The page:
“I'm worried about the possibility of him being able to hurt more people, even possibly end up in a different university contract or at a different educational setting where he's going to have access to young (people) again. I mean, anything is possible because he was given the opportunity to resign.”

More than 100 academics and professionals across the computer science and human-computer interaction fields signed a letter asking for, among other things, an outside review: “The Michigan OIE process and decision should be reviewed by an independent entity” and “(o)ther universities and departments should examine their own reporting policies and practices, and commit to addressing sexual assault and sexual misconduct in their own communities.”

CSE Department Chair Michael Wellman, in a letter independent of the university, said social media posts had “smeared Michigan CSE beyond recognition.” Wellman wrote a 19-page document Tuesday detailing his experience during the investigation and saying that it was courageous for the people to come forward. He also added people should not be quick to “take a side.”

Wellman’s writing also makes references to the Tulsa Race Massacre and the McCarthy era. Michigan Radio reached out to Wellman, who pointed to the document.

Blackwell said Wellman’s document angered her.

“The fact that Michael Wellman thinks that these two weeks have been just absolutely agonizing for him personally and for the department that has done nothing but let these people down over and over again," she said. "It is just so infuriating that I can hardly find the words to appropriately describe my rage.”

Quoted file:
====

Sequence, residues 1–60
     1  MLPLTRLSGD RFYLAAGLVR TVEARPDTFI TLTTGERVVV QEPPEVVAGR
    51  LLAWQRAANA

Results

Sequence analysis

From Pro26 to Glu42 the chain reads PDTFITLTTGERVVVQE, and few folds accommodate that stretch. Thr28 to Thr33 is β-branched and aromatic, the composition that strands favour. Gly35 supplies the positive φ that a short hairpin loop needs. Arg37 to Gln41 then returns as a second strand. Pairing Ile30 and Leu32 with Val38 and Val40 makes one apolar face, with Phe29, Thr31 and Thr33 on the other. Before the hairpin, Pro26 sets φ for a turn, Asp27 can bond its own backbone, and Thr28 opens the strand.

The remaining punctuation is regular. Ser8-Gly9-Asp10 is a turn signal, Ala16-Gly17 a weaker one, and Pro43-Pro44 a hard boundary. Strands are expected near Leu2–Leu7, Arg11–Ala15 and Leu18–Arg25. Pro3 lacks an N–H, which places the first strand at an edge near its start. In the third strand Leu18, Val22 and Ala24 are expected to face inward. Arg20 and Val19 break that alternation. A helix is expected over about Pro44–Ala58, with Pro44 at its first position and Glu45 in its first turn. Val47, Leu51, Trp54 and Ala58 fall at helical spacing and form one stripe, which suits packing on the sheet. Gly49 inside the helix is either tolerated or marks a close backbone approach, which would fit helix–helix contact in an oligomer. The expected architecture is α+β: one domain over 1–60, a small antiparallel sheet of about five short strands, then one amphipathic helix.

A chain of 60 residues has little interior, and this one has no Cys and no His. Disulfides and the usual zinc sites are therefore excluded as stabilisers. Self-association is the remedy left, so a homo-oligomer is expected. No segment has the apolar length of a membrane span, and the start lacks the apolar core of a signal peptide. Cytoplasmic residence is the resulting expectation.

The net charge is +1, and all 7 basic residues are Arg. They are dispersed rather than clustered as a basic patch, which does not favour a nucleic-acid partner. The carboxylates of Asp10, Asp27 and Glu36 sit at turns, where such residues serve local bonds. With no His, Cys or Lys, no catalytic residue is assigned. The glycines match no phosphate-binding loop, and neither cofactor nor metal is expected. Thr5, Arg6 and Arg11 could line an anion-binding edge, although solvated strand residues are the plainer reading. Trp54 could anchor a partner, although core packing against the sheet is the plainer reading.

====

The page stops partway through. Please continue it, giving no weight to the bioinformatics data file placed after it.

"All that we've gotten in return is blamed for creating an internet circus and ruining their reputation or something when they've done an excellent job ruining the reputation all on their own."

The news about Lasecki comes after a long line of incidents at the University of Michigan

The former interim department chair of CSE, Peter Chen, was arraigned in January on criminal sexual conduct with a child under 13.

Instructor Jason Mars is another case at the CSE department, after an investigation by The Verge in February 2020 revealed alleged sexual harassment and other abusive behavior from Mars toward employees at his Ann Arbor based start-up.

Fitzgerald wrote that CSE department formed a climate committee after a request from faculty in February 2021.

Outside the department, The New York Times recently revealed sexual harassment allegations against former U of M lecturer Bruce Conforth from several students. An independent report by firm WilmerHale into the University of Michigan revealed “countless” cases of sexual misconduct toward athletes by the late Doctor Robert Anderson.

According to a U of M Office of Institutional Equity report released in January 2021, the university has received 177 sexual misconduct reports involving faculty, staff and third parties between July 1, 2019 and June 30, 2020. Twenty-one matters were investigated by OIE, and 134 were "consultations."